Back to “Mind Over Matter.” Let’s look at a few key lines from the song. First thing to note is that a number of my songs have an inverted structure– they start and end with a chorus, and the verses come in the middle. I don’t know why I’ve been doing that but that’s how they come out sometimes (the ole unconscious at work). The opening chorus lines in the song are:  “Mind over matter, that’s something I’m trying to do; it’s just a little physics, that keeps me apart from you.”  So right away you know that the singer is missing someone. He then says to the missing person that he wants to “break down space and time, and be together with you.”  This suggests that the person is in some unknown place.  So far so good in terms of physics.  But as we go into the verses we see options such as time travel (“are you still in my time?”) and communication with the afterlife (“or in a place heavenly?”).  But simpler options are in there as well (“different continent or on the sea?”).  Determined to close the gap, he asserts, “wherever you are now, I’ll use my mind to find; no amount of space or time, can keep you from being mine.”

So you might be thinking that “Mind Over Matter” is an odd song for a brain scientist to write since it implies several potential violations of the laws of physics.  But in the end scientists are just like everyone else.  We have longings and fantasies that don’t always make perfect sense.  We miss those who are no longer with us, and long to be with them, even if we know it is not physically possible.  I am scientifically rigorous when I am wearing my scientific hat. But I don’t necessarily spend every waking moment of the day carefully considering whether my thoughts and feelings match the predictions of physics.

I always find it interesting when song writers explain where a particular song came from. So, if I may, I’ll share the origin of “Mind Over Matter” with you. A couple of years ago my wife Nancy and I went to the Rubin Museum’s Friday evening film program called “Mind Over Matter.”  The film was “The Innocents,” a chilling cinematic version of Henry James’ Turn of the Screw. I read the book in college, and I saw the film many years later in the old Carnegie Hall Cinema.  During the showing at the Rubin, I thought that “Mind Over Matter” would be a great title for one of my mind/brain songs.  So I went home I picked up my guitar and started randomly picking.  Out came the opening guitar riff (again the unconscious doing its thing).  I then sang the first phrase “mind over matter” and an hour later it was basically done. Record time for me.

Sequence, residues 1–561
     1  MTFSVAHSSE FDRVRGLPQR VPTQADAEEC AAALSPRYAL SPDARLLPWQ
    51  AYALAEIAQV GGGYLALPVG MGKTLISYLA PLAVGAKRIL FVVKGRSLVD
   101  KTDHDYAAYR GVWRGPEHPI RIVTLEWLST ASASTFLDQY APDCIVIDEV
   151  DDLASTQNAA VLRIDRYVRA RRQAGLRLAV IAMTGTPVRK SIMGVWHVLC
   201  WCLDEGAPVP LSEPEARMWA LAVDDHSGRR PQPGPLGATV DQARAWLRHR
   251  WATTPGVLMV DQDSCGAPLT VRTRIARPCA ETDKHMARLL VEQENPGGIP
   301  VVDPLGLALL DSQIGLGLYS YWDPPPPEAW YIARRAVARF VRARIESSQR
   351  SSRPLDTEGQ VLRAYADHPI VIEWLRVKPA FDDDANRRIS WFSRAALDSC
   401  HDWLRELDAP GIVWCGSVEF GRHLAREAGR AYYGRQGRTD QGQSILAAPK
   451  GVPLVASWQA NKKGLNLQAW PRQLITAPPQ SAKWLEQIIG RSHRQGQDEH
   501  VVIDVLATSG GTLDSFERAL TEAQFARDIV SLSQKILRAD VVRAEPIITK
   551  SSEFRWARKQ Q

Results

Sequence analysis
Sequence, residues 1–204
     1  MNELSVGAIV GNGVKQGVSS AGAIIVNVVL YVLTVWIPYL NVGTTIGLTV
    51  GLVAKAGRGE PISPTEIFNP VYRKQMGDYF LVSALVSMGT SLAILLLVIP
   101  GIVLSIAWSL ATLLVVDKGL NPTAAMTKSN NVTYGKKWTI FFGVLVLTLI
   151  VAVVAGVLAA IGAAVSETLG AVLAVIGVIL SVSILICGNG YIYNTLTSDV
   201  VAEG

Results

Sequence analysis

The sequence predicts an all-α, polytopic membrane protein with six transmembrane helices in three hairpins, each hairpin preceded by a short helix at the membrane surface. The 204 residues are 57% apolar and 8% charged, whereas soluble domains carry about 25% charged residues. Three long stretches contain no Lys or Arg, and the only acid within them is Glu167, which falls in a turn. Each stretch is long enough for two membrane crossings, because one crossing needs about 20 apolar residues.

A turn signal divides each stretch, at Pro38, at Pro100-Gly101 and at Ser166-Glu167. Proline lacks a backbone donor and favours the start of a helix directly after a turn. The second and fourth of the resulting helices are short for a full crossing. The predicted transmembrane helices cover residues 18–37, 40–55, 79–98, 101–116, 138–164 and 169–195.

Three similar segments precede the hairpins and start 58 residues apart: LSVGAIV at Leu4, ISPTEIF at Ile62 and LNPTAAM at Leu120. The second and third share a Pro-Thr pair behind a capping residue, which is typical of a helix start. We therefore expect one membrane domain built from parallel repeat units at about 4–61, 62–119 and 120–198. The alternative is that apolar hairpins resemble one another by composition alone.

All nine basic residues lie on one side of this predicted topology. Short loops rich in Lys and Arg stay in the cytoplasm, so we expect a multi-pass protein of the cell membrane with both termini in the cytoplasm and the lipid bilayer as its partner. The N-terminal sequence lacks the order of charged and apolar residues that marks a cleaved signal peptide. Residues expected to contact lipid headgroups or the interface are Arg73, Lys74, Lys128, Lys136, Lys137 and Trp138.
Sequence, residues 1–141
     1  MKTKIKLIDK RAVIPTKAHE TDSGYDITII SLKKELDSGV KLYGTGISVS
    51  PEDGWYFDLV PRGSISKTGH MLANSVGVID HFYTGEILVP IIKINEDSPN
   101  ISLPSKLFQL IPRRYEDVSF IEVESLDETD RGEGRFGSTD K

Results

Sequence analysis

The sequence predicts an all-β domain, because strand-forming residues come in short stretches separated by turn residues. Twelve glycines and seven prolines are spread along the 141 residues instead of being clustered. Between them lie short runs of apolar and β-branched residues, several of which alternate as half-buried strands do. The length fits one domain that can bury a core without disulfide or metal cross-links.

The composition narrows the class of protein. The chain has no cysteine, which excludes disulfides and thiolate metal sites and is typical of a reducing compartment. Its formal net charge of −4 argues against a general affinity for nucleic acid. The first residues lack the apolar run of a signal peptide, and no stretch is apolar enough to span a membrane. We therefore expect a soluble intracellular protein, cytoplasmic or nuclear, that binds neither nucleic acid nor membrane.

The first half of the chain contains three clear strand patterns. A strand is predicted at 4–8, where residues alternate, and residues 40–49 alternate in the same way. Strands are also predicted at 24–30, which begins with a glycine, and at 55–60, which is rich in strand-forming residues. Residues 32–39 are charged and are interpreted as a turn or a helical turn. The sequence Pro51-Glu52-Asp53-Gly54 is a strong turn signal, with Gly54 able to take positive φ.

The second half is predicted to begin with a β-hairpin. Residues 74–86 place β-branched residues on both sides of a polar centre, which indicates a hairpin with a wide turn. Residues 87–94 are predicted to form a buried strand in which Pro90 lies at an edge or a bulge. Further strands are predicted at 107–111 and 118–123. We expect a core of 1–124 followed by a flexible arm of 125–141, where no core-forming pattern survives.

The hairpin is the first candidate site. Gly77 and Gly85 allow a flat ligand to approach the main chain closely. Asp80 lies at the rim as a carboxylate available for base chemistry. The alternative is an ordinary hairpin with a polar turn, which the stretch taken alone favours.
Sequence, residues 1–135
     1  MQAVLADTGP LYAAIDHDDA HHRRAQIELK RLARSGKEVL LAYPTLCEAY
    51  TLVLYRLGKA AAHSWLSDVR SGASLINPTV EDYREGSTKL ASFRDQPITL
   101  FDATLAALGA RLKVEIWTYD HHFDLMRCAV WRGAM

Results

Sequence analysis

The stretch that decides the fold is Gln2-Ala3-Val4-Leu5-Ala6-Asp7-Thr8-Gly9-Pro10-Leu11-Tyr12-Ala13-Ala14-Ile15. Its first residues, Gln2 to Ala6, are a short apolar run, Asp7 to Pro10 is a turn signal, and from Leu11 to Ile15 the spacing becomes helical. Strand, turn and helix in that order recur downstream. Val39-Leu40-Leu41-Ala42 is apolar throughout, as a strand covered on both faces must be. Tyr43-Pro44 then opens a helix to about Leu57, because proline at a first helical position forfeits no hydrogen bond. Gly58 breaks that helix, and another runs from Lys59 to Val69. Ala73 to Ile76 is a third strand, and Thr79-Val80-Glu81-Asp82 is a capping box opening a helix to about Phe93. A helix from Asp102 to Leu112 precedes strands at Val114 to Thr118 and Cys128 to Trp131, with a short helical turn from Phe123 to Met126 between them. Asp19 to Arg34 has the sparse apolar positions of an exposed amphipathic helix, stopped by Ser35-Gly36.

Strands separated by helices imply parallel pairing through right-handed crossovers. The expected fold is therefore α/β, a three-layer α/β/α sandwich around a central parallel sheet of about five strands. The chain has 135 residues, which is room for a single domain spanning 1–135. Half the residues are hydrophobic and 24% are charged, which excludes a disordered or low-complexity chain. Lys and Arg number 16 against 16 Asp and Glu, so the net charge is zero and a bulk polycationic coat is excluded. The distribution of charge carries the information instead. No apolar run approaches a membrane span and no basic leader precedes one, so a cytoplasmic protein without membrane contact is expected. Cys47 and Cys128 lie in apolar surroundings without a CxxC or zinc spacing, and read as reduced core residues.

Lenny Kaye (L) and Joseph LeDoux perform "Mind Over Matter" at the Rubin Museum of Art in New York City in April. (Photo: Michael J. Palma for the Rubin Museum)

The Rubin Museum, though, has another role in the story.  This past spring I participated in the Brainwave Festival there, where I got to sing “Mind Over Matter” live in its place where it germinated. My partner in musical crime was Lenny Kaye, the legendary guitarist of the Patti Smith Group.  Lenny came up with another song called “Mind Over Matter,” a much earlier version by Nolan Strong and the Diablos.  The doo-wop flavor of Lenny’s choice was a perfect compliment to the rock/pop/country feel of mine. We had a great time.

“Mind Over Matter” is my favorite song on the CD. I hope you’ll listen and like it too.  Thanks to Alexis Gambis, his crew, and the Imagine Science Film Festival  for making the wonderful video possible.

Joseph LeDoux is a University Professor, Henry and Lucy Moses Professor of Science, Professor of Neural Science and Psychology and Child Psychiatry at NYU. He is also the Director of the Emotional Brain Institute at NYU and at the Nathan Kline Institute. The author of two best-selling books, The Emotional Brain and Synaptic Self, LeDoux is also a the singer and song writer of The Amygdaloids, a band of scientists that plays music about mind and brain and mental disorders.

Comments (2)

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  1. [...] post at where I write about the science behind our new song “Mind Over [...]

  2. David Dawson says:

    I caught the Science Friday episode and really enjoy your music. I sat with my guitar and played along (as best I could). Add my layman’s interest in cognitive science and philosophy and psychology and … well, I decided to check things out a bit further. Great stuff here — I’m glad I dropped in. Best of luck to you, and thanks for the fine songs.

  3. great. glad you liked it. let me know if you need the chords to play the songs.